Human Rights Watch: Duterte's Hitler remarks 'obscene'

MANILA, Philippines (UPDATED) – International watchdog Human Rights Watch (HRW) said President Rodrigo Duterte's recent comments referencing Hitler and the Holocaust "are on their face obscene".

"But the lesson of the first 3 months of Duterte's presidency is that we should not underestimate the impact of his statements on police and others with firearms to lawlessly slaughter their fellow Filipinos without fear of arrest," HRW deputy Asia director Phelim Kine said in a statement Saturday, October 1.

During his arrival speech on Friday, September 30, Duterte drew parallelisms between Hitler's annihilation of 3 million Jews and his controversial campaign against drugs. (READ: Duterte: I'm being portrayed as a 'cousin of Hitler')

"Hitler massacred 3 million Jews. Now there [are] 3 million drug addicts….I'd be happy to slaughter them," he said.

The President added: "At least if Germany had Hitler, the Philippines would have, you know, my victims. I would like to be – all criminals to finish the problem of my country and save the next generation from perdition." 

From July 1 till the 4th week of September, the Duterte administration's campaign against drugs has already seen at least 3,556 personalities killed both from legitimate police operations and extrajudicial or vigilante-style killings.

On Saturday, HRW described the killings as a "human rights calamity that the Duterte government has applauded rather than responded to as a national emergency requiring urgent and impartial investigation."

The group said these killings "are nothing less than mass killings disguised as 'crime control'."

"Duterte has been consistent in pronouncing that his 'war on drugs' will continue, that the police have effective license-to-kill criminal suspects, and that his administration will turn a blind eye to the shooting of alleged drug users and dealers," the statement read.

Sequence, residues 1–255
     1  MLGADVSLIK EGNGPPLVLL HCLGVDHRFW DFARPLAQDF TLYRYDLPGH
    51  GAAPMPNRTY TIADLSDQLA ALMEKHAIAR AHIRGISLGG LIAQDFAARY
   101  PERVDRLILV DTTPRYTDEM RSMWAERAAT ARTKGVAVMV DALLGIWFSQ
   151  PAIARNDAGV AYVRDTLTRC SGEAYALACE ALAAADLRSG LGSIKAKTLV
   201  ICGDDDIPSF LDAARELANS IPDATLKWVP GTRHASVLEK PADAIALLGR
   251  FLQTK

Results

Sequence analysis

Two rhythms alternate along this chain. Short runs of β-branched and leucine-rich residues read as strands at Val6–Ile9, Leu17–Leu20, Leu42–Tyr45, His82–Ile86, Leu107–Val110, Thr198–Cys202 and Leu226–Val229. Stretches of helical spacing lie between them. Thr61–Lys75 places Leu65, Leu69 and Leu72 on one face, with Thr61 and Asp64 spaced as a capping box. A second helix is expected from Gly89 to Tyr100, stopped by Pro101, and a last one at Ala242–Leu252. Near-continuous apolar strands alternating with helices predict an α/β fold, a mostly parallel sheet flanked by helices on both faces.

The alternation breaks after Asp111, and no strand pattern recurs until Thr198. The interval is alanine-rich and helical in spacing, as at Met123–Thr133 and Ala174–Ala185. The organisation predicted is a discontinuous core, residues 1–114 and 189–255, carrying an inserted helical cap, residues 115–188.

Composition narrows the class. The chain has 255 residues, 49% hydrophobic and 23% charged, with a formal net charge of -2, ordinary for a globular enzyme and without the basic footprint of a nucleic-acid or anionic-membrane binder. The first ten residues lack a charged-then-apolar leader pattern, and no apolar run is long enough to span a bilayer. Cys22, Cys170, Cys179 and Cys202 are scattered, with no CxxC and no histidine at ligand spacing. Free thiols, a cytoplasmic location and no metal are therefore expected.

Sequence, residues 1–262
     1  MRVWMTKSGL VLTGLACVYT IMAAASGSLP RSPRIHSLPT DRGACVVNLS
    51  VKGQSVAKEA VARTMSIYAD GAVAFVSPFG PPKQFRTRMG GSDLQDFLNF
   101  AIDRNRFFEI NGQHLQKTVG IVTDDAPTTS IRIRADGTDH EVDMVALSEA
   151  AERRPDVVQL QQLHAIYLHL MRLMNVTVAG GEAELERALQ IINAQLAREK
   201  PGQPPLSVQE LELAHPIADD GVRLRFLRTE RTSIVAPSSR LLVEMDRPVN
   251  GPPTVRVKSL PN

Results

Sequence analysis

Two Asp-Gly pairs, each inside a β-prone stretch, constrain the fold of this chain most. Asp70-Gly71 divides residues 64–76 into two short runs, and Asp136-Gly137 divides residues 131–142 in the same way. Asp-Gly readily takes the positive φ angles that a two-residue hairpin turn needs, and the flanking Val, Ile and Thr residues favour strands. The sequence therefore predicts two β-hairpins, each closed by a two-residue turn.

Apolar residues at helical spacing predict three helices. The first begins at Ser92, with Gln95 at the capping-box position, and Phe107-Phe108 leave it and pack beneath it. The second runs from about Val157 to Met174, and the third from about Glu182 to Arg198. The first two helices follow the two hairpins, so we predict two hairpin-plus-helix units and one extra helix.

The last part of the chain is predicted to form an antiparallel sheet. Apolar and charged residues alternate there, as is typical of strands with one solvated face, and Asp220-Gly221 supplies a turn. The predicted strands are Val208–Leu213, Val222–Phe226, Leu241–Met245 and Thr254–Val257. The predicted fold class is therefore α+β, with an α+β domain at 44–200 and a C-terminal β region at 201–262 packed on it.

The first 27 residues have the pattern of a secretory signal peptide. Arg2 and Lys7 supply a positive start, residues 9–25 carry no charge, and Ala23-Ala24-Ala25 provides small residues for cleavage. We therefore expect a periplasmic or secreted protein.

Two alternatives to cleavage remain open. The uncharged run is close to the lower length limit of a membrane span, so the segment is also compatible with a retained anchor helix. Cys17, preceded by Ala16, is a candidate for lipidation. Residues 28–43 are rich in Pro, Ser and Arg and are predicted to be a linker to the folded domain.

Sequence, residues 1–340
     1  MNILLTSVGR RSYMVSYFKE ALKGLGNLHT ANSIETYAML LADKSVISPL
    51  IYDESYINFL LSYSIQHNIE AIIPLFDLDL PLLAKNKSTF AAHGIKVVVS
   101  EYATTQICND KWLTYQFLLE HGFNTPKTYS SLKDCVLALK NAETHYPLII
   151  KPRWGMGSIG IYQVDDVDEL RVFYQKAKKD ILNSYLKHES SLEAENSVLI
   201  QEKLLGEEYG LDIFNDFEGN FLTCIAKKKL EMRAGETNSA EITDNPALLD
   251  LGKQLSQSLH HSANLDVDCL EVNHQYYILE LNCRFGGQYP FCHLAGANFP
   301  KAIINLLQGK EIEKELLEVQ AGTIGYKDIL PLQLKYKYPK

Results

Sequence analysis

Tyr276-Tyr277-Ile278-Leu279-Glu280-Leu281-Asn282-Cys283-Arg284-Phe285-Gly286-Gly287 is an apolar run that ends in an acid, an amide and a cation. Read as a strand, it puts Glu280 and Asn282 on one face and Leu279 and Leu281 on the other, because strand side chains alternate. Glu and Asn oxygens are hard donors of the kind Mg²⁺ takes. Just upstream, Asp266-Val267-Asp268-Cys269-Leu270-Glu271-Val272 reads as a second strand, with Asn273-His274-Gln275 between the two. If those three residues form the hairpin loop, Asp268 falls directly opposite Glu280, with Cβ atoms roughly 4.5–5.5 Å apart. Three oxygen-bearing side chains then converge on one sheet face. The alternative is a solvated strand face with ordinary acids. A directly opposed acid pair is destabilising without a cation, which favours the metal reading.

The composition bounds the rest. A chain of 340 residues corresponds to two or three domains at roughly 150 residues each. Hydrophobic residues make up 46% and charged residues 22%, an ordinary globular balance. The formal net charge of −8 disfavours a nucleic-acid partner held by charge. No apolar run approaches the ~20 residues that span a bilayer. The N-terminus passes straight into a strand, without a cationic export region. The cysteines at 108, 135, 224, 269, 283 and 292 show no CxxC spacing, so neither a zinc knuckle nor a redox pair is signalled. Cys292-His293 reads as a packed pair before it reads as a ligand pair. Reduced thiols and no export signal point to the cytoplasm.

HRW said the United States and the European Union – foreign donors that provide technical and financial assistance to Philippine security forces – must urgently send a strong message to the Philippine government "that it risks an immediate suspension of that aid unless the abusive 'war on drugs' and its skyrocketing death toll comes to a halt."

"More broadly, they should be clear that if Duterte's assault on some of the country's poorest and most vulnerable citizens continue, their longstanding close relationship with the Philippines will be at risk," the group added in its statement.

The United Nations Special Adviser on the Prevention on Genocide, Adama Dieng, likewise expressed alarm over Duterte's remarks. 

In a note to correspondents, Dieng qualified Duterte's statement as "deeply disrespectful of the right to life of all human beings," also pointing out that the Holocaust was one of history's darkest periods. "Any glorification of the cruel and criminal acts committed by those responsible was unacceptable and offensive," he said.